I hit a nerve with my post, “There Ain’t No Such Thing as a Tax Expenditure.” To recap: The federal tax code has credits, deductions, exemptions, and exclusions that reduce tax revenue. By convention, budget experts call that forgone revenue a “tax expenditure,” a “tax subsidy,” or even “backdoor spending in the tax code.” This is incorrect. To claim that forgone tax revenue is a government expenditure implies that the money at stake actually belongs to the government, which is graciously letting taxpayers keep it, rather than to the people who earned it. Government is not spending that money; it is merely not extracting that money from the private sector. Statists deliberately use terms like “tax expenditure” precisely because that erroneous impression obscures their efforts to raise your taxes.
Less than an hour after posting, Matthew Yglesias of the Center for American Progress Action Fund called me “daringly inaccurate.” (Why be timid?) The Manhattan Institute’s Josh Barro devoted a very thoughtful 1,155 words to the topic at NRO.
Yglesias explains in an email:
I understand why you might want to object to the “tax expenditure” phrasing, but surely we can agree that there’s such a thing as a “tax subsidy,” right? If the government declares that fuel‐efficient hybrid cars are now tax‐deductible, that’s a subsidy to the makers and purchasers of Priuses.
I’m afraid I cannot agree to that.
- The term “tax expenditure” is nonsense because not taking Peter’s money, conditional on Peter buying a Prius, is not the same as spending the same amount of money on a Prius. The outcome may be exactly the same. But no one can spend money that he doesn’t possess.
- The term “tax subsidy” is likewise nonsense because a subsidy involves giving something to someone else. Not taking Peter’s money, conditional on Peter buying a Prius, is not a subsidy to Peter. The government is not giving Peter anything. Nor is it a subsidy to Paul, even though he profits from Prius sales: the government is not giving anything to Paul, either. Again, the outcome may be exactly the same as a government subsidy. Notably, Paul’s income rises. Yet it does not rise because Paul received a subsidy. Paul’s income rises because the state used coercion in a different way: to alter, for Peter, the cost of a Prius relative to other uses of Peter’s income.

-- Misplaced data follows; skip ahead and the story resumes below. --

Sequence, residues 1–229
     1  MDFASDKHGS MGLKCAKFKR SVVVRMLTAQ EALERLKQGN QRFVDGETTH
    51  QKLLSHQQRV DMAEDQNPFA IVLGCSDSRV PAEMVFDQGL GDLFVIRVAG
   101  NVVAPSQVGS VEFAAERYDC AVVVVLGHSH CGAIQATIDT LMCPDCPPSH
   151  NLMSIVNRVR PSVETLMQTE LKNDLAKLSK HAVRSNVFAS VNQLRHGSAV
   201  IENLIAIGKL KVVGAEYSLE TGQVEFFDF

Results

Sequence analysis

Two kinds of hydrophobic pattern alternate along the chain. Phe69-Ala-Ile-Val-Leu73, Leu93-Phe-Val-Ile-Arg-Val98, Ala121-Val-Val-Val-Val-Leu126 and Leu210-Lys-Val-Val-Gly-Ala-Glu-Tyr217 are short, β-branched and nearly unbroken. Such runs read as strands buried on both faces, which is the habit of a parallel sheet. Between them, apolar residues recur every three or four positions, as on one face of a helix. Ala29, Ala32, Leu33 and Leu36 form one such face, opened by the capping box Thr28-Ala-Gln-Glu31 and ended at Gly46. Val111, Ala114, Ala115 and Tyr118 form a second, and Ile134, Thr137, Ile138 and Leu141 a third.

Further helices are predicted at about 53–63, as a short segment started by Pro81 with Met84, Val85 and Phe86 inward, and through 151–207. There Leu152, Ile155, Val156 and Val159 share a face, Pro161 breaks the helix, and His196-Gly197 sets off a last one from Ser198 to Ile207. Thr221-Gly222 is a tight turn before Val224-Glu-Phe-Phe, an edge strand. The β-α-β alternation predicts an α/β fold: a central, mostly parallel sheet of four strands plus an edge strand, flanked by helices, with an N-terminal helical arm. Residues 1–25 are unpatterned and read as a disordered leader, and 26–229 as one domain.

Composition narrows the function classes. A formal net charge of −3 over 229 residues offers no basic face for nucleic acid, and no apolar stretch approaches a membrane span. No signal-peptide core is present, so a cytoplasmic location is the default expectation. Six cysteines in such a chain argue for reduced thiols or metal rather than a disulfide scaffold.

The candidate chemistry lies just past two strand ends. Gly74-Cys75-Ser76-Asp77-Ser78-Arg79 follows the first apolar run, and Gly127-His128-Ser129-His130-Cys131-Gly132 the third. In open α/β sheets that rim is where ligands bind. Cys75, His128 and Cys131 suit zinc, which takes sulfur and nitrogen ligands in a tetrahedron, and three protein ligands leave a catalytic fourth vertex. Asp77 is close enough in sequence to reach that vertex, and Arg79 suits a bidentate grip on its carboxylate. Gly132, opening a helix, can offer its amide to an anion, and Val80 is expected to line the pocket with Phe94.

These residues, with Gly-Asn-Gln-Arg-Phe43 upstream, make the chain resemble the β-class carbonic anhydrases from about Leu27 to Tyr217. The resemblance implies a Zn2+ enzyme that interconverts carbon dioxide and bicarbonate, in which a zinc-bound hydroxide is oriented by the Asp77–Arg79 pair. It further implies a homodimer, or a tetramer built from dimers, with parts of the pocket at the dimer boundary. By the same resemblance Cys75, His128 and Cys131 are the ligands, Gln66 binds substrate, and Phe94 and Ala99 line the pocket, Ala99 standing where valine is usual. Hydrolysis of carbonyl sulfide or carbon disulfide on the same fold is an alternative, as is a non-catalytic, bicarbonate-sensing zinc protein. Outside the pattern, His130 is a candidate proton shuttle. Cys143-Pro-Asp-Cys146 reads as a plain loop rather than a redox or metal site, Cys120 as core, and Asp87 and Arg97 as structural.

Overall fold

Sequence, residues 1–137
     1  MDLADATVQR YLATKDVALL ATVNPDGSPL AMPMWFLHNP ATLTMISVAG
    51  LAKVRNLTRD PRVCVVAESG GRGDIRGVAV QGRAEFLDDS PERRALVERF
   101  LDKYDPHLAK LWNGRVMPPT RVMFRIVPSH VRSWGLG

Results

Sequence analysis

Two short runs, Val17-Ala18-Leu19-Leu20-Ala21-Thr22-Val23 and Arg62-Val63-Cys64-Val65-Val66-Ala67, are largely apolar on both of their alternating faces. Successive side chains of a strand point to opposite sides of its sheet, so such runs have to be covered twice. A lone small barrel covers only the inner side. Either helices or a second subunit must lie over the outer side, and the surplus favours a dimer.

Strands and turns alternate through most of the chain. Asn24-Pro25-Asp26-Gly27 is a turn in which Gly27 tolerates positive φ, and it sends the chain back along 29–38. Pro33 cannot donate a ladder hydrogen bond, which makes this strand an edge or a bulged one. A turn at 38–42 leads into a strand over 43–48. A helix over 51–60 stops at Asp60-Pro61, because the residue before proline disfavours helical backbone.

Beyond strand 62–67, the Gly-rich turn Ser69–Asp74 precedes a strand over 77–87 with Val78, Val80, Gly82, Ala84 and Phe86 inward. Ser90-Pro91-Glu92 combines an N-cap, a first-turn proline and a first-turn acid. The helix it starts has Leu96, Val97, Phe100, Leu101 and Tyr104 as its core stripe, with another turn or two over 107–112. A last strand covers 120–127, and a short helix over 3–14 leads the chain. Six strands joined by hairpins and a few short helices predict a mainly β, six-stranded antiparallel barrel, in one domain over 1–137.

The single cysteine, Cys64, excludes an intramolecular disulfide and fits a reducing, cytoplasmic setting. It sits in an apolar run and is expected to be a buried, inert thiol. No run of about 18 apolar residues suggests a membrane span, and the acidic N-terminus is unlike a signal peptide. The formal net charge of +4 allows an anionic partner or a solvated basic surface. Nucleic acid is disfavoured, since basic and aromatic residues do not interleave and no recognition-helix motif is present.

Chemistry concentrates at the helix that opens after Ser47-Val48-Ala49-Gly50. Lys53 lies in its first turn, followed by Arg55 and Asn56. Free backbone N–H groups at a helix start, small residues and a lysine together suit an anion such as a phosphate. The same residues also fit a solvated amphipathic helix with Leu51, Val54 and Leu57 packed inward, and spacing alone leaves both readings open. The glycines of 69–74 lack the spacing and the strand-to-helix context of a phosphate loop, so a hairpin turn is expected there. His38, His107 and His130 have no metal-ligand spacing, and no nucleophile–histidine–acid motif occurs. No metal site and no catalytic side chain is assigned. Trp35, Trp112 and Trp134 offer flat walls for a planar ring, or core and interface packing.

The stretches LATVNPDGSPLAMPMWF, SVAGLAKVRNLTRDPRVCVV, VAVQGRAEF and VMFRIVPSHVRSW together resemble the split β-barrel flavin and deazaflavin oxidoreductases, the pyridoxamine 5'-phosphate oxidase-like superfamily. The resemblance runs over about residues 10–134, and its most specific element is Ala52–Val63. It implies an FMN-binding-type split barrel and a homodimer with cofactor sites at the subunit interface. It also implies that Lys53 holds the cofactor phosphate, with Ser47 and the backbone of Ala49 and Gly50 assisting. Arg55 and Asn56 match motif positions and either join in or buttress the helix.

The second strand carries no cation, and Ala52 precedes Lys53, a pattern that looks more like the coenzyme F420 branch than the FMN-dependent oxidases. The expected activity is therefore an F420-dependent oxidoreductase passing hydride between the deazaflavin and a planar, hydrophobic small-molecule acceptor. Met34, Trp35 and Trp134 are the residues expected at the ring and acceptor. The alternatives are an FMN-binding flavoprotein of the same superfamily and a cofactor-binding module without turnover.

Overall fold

- To see the absurdity, consider what it would mean to eliminate a “tax subsidy.” All else equal, eliminating an actual government subsidy reduces the tax burden. Eliminating a “tax subsidy” increases someone’s tax burden. Which is the whole point, isn’t it?
Barro makes more of our disagreement than actually exists.
- We agree targeted tax preferences are harmful. (I argue, for example, that the tax exclusion for employer‐sponsored health insurance operates more like a tax hike than a tax break because, among other atrocities, it denies the typical parent control over $10,000 of her earnings.)
- We agree they expand government power.
- We agree government should account for them. (Along those lines, the Congressional Budget Office has developed a concept it calls the “federal budgetary commitment to health care,” which is the sum of all federal health spending and all tax revenue forgone due to health‐related tax loopholes. The CBO calls them “tax expenditures” — grrrr. I dislike “budgetary commitment” for the same reason: the government can’t commit resources it doesn’t possess. But the CBO is on to something. We need an aggregate measure of “federal budgetary interference in the economy.”)
- Finally, Barro and I probably agree that Congress should simultaneously eliminate all such loopholes and reduce marginal payroll‐ and income‐tax rates — perhaps to zero.
I reject the term “tax expenditure” — as distinct from the concept — because it is nonsensical and biases the debate toward more government control of the economy and our lives. Barro asks what term I’d prefer. Until someone comes up with something pithier than “tax revenue forgone due to targeted tax preferences,” I’ll stick with that.